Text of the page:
Seneca suffers from asthma and according to what he says, physicians of the day called asthma "practicing how to die" - which some have also called philosophy!
He notes it would be
absurd to take delight in such supposed restoration to health, as it would be for a defendant to imagine that he had won his case when he had succeeded in postponing his trial.
Rather than taking delight that he's overcome a bout with asthma, Seneca reassures Lucilius that he has "never ceased to rest secure in cheerful and brave thoughts." He has long pondered the before and after of living, and arrived at the conclusion he's already lived death before he was born!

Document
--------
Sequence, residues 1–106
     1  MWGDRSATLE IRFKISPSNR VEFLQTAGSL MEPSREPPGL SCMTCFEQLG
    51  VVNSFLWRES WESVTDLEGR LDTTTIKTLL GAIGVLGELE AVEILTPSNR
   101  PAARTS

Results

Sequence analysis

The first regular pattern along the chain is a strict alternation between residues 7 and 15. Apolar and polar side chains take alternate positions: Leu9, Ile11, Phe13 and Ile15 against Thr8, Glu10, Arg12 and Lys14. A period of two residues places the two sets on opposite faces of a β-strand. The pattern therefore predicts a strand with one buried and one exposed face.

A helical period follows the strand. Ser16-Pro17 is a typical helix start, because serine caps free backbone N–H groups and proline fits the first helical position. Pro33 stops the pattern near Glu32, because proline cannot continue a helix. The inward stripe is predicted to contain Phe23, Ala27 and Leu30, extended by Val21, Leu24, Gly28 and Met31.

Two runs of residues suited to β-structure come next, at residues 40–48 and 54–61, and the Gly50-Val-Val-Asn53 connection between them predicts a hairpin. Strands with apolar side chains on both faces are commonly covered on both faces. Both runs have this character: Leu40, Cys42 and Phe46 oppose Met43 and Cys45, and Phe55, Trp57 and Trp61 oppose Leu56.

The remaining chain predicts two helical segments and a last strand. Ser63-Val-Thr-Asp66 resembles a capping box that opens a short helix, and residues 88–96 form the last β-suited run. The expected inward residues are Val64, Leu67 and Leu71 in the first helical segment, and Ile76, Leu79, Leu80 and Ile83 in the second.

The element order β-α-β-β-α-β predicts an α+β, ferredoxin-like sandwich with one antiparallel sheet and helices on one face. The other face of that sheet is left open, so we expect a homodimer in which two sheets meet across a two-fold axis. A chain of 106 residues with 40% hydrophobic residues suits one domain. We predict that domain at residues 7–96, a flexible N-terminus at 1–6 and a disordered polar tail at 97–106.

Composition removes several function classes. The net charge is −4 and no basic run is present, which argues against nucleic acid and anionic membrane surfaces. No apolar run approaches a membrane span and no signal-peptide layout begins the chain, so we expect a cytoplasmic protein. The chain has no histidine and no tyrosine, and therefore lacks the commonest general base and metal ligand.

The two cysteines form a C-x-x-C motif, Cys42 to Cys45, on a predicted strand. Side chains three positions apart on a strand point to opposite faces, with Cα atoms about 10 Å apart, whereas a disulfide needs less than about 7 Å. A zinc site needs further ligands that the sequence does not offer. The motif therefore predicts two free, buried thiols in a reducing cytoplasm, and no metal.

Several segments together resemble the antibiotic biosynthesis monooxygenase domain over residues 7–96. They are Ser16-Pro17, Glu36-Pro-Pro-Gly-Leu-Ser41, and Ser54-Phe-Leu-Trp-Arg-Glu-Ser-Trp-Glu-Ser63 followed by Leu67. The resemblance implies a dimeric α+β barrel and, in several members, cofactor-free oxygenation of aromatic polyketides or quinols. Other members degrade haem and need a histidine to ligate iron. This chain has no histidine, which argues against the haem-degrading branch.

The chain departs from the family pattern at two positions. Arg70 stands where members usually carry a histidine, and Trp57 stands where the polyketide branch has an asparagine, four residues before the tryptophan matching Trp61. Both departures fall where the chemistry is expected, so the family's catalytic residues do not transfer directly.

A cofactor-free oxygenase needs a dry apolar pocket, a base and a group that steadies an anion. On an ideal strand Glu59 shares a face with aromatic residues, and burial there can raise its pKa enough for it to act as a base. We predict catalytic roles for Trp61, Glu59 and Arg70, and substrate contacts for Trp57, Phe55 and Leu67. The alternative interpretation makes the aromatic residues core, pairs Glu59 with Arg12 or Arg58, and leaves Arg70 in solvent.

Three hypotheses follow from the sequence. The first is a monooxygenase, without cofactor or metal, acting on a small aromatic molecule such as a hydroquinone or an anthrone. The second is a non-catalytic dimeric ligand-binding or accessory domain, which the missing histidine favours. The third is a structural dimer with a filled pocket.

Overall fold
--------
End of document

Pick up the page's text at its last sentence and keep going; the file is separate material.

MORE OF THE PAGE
would you not say that one was the greatest of fools who believed that a lamp was worse off when it was extinguished than before it was lighted? We mortals also are lighted and extinguished; the period of suffering comes in between, but on either side there is a deep peace. ... it has both preceded us and will in turn follow us.
And because he has spent time contemplating death, he claims he is ready for it and won't be frightened when it comes and will go willingly.